• If you’re riding, drop your playing partner off first with all their clubs so they can play out the hole (grab the wedge and putter in case the approach shot goes offlinje) then you can ride off to begin the search for your ball.  Or if appropriate, drop them off to look first so they can find and plan their shot.  By the time you hit and drive back, they’ll have a club in mind and be ready to go instead of beginning the search together.
  • Play out of order if you have too.  Sometimes you’re on the putting green and your partner just shot one from the bunker to another bunker.  Putt out and tend the flag instead.
  • Park your cart off the the side near the next tee box. (super obvious #1)
  • Get off the green as soon as you can. (super obvious #2)
  • Write down your score on the next tee box instead of replaying all your shots when someone is waiting to hit their approach
  • Meanwhile, just drive off with your putter and wedge in your hands after your shot.  You can clean and re-arrange your clubs on the next shot or next tee box when no one is waiting behind you.
  • If you’re still falling behind after all of this, wave the next group through if it makes sense.
  • On the other hand, if you keep catching up to the group ahead, and there’s no opening ahead- just ease off a little.  It might just be one of those slow days and remember that at least you’re outdoors playing golf so you should be enjoying your time out here!

As for my wife being intimidated- I’m happy to say that she isn’t anymore.  We find that the red tees are often an after thought on golf courses- forcing the average lady to rely heavily on their 3W or leave them in no (wo)man’s land after their initial tee shot.  Either they are blocked to go around a dog leg or have an unreasonable water carry, they are often forced to lay up and play one, or maybe two extra shots than the “par” number for the hole.  With this, she plays it as a par 5 to start out with and not to attempt an impossible water carry.  Also, she takes no practice strokes- just walks up, get in her stance and hit, usually with some type of positive forward progress even if it doesn’t go in the air.  Consequently, our playing partner doesn’t really mind the extra stroke or two in the fairway since we’re never dragging behind that much even on the worst days out there.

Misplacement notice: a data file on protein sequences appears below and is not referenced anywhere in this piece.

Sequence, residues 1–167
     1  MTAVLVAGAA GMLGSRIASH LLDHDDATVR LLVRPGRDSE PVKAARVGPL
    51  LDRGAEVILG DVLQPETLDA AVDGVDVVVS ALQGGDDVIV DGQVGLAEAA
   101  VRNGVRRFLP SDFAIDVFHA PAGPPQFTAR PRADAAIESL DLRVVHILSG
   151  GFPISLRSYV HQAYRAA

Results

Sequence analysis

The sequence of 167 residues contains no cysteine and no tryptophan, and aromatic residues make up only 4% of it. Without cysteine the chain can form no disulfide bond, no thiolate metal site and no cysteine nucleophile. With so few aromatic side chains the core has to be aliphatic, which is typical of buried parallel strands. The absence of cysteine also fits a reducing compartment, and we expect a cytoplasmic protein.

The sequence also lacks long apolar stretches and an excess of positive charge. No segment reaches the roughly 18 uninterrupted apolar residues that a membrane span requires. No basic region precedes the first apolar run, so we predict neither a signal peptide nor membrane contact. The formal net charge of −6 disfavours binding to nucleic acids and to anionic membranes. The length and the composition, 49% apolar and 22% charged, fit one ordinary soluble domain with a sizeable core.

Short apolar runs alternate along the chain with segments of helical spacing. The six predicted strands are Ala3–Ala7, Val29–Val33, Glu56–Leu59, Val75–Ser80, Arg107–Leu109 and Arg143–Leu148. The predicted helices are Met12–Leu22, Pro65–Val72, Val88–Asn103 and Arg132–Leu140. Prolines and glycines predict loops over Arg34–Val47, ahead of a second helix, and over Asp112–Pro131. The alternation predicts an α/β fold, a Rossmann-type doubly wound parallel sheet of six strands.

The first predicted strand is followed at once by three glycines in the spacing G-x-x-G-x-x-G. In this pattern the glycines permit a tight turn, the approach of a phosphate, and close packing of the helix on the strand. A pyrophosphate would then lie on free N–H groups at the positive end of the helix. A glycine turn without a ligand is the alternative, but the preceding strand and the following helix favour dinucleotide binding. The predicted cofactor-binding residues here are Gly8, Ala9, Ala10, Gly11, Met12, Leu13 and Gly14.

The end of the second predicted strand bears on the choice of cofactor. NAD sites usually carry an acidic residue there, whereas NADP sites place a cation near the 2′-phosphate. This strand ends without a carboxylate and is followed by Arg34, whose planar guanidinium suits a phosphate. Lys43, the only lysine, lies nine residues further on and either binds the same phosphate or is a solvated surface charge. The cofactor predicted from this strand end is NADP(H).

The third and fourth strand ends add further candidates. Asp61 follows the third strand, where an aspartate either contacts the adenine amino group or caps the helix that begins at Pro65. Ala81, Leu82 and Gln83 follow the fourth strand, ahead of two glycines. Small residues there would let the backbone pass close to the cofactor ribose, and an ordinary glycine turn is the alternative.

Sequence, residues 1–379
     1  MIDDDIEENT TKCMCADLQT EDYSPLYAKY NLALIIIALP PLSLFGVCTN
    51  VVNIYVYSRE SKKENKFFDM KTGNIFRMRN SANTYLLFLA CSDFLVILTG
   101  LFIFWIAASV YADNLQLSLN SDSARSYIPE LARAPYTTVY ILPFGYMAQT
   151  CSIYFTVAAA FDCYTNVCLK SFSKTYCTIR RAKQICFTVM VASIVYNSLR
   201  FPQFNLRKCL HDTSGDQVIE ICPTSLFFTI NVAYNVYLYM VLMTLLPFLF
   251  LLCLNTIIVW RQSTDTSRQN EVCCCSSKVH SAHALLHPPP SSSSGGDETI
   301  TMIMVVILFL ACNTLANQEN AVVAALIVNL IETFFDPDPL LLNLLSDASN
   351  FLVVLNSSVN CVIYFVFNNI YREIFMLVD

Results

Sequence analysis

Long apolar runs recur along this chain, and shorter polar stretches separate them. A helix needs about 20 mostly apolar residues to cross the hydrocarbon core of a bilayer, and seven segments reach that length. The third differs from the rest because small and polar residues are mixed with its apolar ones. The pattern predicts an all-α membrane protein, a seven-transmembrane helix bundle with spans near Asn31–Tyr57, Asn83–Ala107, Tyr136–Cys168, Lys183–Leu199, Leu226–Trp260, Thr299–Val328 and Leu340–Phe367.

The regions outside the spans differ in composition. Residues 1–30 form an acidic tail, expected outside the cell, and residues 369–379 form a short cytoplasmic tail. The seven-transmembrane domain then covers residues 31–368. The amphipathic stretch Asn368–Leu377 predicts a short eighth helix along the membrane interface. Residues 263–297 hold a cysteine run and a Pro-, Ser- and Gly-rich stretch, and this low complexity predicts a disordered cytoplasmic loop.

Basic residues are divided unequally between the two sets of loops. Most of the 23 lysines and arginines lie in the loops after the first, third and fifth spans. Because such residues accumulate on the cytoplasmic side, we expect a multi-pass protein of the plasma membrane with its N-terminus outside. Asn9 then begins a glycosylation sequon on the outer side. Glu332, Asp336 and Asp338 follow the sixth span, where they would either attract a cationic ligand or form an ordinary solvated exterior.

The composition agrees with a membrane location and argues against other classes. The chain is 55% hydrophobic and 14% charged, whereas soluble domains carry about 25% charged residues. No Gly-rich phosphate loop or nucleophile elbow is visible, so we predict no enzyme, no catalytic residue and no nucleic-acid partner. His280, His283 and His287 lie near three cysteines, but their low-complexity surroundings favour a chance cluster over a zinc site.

So go ahead and be bad- we all started there at one point (and I still feel like that on some days) but be quick about it and no one will even notice.